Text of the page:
[NTG-context] Multiple cases of unexpected behaviour in luametatex

Marcel Fabian Kr├╝ger tex at 2krueger.de
Fri Jul 3 14:55:45 CEST 2020


Hi,

I recently noticed some cases where luametatex behaved in unexpected
ways:

  - The "Extra \fi" error isn't triggered, instead an extra `\fi`
    freezes luametatex. (Can be reproduced by compiling a document which
    only consists of a single \fi)

  - token.new can only create some `data` tokens, but it doesn't apply
    bound checking on it's arguments:

    Take

    ```
    \directlua{
      t = token.new(0x200000, token.command_id'data')
      print(t.cmdname, t.command, t.mode)
    }
    ```

    which prints

    register	102	0

    The issue does not seem to be that such tokens do not exists because

    \letdatacode\somedata="200000
    \directlua{
      local t = token.create'somedata'
      print(t.cmdname, t.command, t.index)
    }
    
    does print

    data	101	2097152

    Also for all other commands LuaTeX seems to apply range-checks to
    ensure that such overflows don't happen, even if invalid values are
    passed as firstargument.

  - There is token.primitives(). My assumption is that the returned
    table is meant to indicate the command is, mode and name
    corresponding to every primitive. (I think it is awesome that such a
    table is made available in luametatex) But especially the mode
    field sometimes has values which do not correspond to the mode of
    the actual primitives:

    I tried running the following in an almost iniTeX setting where all
    primitives aside from \shipout and \Umathcodenum have their default
    definitions:

    ```
    \catcode`\%=12
    \catcode`\~=12
    \directlua{
      local sorted = token.primitives()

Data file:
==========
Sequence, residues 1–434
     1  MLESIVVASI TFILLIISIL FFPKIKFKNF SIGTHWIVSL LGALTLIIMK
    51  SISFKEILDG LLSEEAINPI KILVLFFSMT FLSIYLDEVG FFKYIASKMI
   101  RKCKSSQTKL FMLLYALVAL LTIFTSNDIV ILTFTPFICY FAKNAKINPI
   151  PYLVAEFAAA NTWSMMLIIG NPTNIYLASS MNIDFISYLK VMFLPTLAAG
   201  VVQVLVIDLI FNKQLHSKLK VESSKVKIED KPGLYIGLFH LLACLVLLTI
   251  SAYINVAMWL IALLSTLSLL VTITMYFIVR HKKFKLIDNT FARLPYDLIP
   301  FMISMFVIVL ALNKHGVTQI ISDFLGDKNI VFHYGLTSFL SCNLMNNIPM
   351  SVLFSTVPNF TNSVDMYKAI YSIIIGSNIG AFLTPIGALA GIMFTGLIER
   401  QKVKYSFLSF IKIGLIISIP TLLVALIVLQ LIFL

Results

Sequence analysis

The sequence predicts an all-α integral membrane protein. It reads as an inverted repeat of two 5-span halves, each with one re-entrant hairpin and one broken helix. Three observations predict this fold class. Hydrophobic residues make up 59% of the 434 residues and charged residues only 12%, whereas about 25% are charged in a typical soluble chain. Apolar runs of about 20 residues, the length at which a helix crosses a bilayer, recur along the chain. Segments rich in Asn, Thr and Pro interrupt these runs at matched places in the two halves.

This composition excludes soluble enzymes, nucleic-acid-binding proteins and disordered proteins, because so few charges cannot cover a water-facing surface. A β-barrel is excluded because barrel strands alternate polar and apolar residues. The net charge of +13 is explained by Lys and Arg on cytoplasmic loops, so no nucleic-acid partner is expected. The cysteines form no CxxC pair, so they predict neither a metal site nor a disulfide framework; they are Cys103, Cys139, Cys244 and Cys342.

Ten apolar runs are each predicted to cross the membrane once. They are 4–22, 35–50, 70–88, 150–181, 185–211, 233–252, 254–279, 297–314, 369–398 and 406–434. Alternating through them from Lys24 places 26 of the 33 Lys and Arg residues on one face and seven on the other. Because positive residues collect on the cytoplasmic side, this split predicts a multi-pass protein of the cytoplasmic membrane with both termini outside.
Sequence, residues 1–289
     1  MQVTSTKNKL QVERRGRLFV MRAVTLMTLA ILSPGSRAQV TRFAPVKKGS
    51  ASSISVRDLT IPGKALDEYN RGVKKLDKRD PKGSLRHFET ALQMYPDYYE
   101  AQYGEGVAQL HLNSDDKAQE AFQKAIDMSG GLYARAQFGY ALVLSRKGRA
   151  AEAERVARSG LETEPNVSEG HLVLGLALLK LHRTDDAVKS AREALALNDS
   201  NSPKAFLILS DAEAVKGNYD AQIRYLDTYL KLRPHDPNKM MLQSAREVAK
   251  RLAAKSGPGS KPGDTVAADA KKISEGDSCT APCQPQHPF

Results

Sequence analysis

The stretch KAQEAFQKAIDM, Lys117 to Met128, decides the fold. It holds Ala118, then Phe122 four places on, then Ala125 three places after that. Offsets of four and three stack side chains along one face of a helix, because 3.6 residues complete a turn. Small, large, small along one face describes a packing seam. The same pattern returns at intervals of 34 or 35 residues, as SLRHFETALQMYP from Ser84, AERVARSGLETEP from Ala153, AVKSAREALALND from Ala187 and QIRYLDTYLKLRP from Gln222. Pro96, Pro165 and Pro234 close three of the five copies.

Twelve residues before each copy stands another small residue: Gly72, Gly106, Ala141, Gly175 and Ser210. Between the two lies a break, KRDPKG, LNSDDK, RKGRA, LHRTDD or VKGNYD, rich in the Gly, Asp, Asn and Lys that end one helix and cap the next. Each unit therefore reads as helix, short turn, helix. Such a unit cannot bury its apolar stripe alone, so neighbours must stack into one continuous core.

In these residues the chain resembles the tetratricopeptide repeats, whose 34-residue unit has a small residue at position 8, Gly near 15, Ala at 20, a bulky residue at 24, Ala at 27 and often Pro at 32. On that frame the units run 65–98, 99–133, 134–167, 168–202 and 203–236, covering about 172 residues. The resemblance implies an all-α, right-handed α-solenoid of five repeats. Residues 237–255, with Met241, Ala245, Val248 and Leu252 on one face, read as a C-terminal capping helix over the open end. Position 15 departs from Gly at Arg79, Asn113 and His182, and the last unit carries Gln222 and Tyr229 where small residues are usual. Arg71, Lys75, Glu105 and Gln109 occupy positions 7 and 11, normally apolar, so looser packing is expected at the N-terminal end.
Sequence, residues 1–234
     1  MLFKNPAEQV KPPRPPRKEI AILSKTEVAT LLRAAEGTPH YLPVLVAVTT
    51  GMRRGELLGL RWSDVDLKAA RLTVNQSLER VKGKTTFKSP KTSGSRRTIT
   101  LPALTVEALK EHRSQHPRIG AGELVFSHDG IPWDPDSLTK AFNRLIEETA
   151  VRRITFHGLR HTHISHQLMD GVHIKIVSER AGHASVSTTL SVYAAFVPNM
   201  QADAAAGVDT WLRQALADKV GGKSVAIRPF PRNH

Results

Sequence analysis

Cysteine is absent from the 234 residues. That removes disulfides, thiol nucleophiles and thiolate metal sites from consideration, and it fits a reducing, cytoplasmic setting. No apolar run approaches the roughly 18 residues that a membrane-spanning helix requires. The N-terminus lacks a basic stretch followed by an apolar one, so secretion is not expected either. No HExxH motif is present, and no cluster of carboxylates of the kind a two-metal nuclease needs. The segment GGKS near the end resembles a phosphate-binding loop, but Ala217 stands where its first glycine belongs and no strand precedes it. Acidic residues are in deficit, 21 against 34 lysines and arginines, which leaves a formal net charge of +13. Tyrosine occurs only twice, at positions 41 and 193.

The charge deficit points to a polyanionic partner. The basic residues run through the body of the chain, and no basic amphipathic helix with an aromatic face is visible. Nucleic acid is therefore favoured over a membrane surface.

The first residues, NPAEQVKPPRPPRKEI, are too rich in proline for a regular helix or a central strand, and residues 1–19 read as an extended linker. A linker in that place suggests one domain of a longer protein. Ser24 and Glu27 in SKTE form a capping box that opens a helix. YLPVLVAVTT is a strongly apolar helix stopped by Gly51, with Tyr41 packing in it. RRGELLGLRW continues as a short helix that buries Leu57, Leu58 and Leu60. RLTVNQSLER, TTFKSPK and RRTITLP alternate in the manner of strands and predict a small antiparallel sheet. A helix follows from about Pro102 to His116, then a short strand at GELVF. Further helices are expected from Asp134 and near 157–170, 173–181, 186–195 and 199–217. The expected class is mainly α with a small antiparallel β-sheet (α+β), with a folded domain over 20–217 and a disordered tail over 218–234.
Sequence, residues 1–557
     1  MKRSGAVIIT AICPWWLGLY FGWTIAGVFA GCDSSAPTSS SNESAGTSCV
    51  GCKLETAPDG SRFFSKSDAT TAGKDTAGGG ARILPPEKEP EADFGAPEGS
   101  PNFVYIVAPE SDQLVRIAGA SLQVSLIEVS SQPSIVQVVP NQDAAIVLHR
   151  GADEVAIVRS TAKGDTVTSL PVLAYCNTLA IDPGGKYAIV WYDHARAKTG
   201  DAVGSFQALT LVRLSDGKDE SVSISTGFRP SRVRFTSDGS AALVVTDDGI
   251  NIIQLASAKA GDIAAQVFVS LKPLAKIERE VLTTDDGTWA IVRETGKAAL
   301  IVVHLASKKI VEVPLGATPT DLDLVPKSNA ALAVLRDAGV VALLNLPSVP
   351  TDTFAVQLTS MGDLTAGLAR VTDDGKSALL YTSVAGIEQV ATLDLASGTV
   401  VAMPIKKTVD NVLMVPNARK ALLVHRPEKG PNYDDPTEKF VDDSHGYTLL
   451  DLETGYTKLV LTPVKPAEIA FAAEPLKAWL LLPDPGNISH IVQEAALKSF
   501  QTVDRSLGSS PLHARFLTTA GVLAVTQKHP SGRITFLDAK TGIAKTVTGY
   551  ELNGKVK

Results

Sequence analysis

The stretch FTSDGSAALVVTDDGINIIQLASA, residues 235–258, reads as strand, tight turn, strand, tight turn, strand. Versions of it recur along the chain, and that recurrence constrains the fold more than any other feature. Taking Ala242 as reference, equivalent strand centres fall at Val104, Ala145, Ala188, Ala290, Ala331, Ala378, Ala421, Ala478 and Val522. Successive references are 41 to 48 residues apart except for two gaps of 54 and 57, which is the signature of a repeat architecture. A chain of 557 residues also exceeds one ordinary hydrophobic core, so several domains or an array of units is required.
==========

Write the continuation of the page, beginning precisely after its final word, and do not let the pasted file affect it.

table.sort(sorted, function(a,b) return a[1]<b[1] or a[1]==b[1] and a[2]<b[2]end)
      for _,info in ipairs(sorted) do
        local t = token.create(info[3])
        local rc, rm = t.command, t.mode
        if rc==info[1] and rm ~= info[2] then
          if info[2] == 0 then
            print(string.format('MODE MISMATCH, expected zero: \string\\%s: real: %i, command: %i', info[3], rm, rc))
          else
            print(string.format('MODE MISMATCH: \string\\%s: offset: %i, command: %i', info[3], rm-info[2], rc))
          end
        elseif rc~=info[1] then print(t.csname)
        end
      end
    }
    ```

    This indicates that there are two kinds of differences:
    For some command codes, there are multiple primitives whose second
    entry in the token.primitives table is zero even though their mode
    is not zero. This especially affects the commands `above`,
    `after_something`, `make_box`, `un_vbox`, `set_specification` and
    `car_ret`.
    E.g. for after_something, all of \atendofgrouped, \afterassigned and
    \aftergrouped have a zero as second entry in token.primitives.

    The other difference is that all the internal_... commands have a
    fixed offset which differes between commands in their mode field.

    IMO the difference for the internal_... commands make sense because
    they make for easier to use numbers, but having multiple primitives
    indicating mode 0 for the other commands seems to make this table
    significantly less useful because it can't be used to get a unique
    description of a primitive.

    (I may have completely misinterpreted the table of course, but given
    that for other primitives the values match I do not think so)

Best regards,
Marcel


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